A New Jersey couple recently reached out to Conger Elementary School to show their appreciation for a banner the school made nearly 20 years ago in support of the victims of the Sept. 11, 2001 attacks.
Conger Principal Mary Krell said Friday she was contacted recently by Maureen Sutterlin, 74, of Hamilton Square, New Jersey, who was looking for information about Conger. Krell said Sutterlin and her husband, Bill, 93, began volunteering at an assistance center in New Jersey after the Sept. 11 attacks, and one of the decorations hanging at the center was a banner made by then fourth grade students at Conger.
Krell said when the assistance center closed last year, Sutterlin reached out to the center and was allowed to take home the banner. Sutterlin said she felt a special attachment to the banner from Conger because of its message of “sending a hug.”
“It was so unique … the children’s pictures and their comments underneath and the whole idea of needing a hug,” Sutterlin said. “That’s the kind of thing I think the victims of 9/11 … they needed a hug. It was just so striking and well done, and I could tell the teachers who guided them to create it were creative people. It was important for me to get it back to (Conger) and allow everyone to see how it gave comfort to 9/11 victims.”
Krell said the story is a testament to the goodwill of the fourth graders at the time, and she hopes current students learn from their example.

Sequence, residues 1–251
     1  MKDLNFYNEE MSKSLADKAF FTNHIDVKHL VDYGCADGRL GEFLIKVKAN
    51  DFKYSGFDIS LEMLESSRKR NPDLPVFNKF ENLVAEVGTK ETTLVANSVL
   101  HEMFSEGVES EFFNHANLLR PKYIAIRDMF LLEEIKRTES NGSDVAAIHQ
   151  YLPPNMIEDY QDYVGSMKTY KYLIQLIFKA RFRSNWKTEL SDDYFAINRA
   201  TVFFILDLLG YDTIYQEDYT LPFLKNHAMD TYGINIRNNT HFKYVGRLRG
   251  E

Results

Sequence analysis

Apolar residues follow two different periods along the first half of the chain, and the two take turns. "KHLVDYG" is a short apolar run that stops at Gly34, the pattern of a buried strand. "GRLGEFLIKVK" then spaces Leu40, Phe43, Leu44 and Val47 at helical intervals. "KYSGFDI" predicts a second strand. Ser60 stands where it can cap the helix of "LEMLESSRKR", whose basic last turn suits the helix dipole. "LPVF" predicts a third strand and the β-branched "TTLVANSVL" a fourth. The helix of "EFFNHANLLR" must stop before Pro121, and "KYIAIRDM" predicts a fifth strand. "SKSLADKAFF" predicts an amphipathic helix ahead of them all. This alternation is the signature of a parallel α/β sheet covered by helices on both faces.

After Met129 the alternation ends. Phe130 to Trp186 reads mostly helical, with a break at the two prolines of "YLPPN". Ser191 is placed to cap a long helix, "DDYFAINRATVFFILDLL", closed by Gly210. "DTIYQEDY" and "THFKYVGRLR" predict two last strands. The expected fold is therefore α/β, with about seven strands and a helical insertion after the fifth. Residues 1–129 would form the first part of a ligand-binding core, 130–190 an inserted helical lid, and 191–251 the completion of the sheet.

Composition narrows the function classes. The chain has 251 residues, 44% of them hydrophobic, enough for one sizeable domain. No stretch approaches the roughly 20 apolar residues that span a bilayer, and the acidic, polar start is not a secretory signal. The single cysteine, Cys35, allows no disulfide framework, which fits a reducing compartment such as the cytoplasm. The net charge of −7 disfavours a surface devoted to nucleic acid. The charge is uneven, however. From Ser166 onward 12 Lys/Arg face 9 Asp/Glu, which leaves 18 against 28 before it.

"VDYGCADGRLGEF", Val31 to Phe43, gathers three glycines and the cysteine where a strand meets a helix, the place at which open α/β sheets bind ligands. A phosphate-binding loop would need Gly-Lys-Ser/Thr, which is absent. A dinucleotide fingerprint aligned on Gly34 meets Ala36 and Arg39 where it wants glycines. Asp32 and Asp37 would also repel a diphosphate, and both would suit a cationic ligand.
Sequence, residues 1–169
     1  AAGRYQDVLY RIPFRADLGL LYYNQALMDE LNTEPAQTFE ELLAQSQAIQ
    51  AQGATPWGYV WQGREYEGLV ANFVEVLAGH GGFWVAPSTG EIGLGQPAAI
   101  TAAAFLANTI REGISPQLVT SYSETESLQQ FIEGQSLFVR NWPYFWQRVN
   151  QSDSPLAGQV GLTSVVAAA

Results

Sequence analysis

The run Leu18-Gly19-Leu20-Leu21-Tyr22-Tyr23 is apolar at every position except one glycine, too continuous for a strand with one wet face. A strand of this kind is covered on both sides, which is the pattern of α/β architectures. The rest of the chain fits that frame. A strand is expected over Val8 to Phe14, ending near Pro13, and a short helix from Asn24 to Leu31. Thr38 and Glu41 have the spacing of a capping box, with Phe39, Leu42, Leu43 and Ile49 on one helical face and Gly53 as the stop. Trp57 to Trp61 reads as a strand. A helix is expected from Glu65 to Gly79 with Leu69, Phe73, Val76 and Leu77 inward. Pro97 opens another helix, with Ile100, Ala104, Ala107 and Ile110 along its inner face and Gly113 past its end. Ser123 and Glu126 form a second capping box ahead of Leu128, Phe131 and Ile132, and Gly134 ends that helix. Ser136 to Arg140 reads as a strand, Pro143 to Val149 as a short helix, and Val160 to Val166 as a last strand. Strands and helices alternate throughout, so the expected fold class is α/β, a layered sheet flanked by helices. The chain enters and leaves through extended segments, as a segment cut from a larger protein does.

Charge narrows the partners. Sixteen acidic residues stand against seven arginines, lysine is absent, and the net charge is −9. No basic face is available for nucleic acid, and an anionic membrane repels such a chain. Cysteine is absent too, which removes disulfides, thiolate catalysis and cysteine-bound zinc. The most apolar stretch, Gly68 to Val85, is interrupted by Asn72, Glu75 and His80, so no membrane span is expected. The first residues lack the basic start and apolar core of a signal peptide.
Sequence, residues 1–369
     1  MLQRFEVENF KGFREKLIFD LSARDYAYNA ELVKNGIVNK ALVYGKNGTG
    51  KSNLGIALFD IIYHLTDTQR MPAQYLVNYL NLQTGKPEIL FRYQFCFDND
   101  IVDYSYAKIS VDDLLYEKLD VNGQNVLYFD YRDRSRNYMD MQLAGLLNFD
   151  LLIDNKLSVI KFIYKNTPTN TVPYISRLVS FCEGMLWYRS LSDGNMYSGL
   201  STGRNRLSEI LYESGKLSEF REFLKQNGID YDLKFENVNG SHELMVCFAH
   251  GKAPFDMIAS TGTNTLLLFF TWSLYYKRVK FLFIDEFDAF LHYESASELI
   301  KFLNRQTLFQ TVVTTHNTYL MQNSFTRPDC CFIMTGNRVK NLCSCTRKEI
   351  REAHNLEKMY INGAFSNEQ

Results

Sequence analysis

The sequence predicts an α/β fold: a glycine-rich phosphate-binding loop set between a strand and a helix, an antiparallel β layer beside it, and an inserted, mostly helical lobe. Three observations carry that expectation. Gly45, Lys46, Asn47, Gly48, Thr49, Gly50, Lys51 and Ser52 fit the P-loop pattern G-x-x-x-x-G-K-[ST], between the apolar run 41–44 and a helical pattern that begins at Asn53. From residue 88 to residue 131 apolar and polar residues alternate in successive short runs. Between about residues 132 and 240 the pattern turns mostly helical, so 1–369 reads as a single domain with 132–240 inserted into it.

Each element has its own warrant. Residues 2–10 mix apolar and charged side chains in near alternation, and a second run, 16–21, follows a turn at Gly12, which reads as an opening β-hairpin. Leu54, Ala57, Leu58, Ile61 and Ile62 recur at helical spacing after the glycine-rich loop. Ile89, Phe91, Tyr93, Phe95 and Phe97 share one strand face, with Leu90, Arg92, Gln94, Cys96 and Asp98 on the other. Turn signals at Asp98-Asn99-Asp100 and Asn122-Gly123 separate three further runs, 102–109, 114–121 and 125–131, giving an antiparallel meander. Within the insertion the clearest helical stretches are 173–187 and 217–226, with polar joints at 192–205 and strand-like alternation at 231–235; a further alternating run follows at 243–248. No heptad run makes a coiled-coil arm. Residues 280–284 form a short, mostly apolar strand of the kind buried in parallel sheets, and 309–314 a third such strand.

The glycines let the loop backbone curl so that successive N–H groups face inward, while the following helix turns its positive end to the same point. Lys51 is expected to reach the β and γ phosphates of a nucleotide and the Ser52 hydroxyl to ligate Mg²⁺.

“Although the kids might be small, they still have an important impact on the community and society around them,” Krell said. “Twenty years ago there were fourth graders in this building that took time to send a caring and thoughtful message all the way to New Jersey and to see how that impacted people over the last 20 years is pretty incredible. … Their words are so powerful and can encourage and give people hope.”
Sutterlin said she felt so welcomed when she spoke to Krell and other Conger staff this week.
“It was as if I had known her all my life,” Sutterlin said. “Looking at the project the children had created, that was the kind of warm response (I knew) I would get when I called the school. … It’s really been a joyful experience. I was so happy to get such a warm reception. I was just so happy that they were so excited.”
Sutterlin said if she could send a message to those fourth graders and teachers in 2001 she would thank them.
“Thank you for your sweet words, your beautiful smiles standing in front of that American flag,” Sutterlin said. “It was just so comforting. I hope someday I can meet you all. … It was important to me for the children to realize that you never know when one little thing, one act of kindness might help someone so much. They really might need that help. You don’t know what’s going on in their heart and in their lives, and one little thing you do might make a difference.”
Sutterlin said she plans to send the banner and photos back to the school in the near future.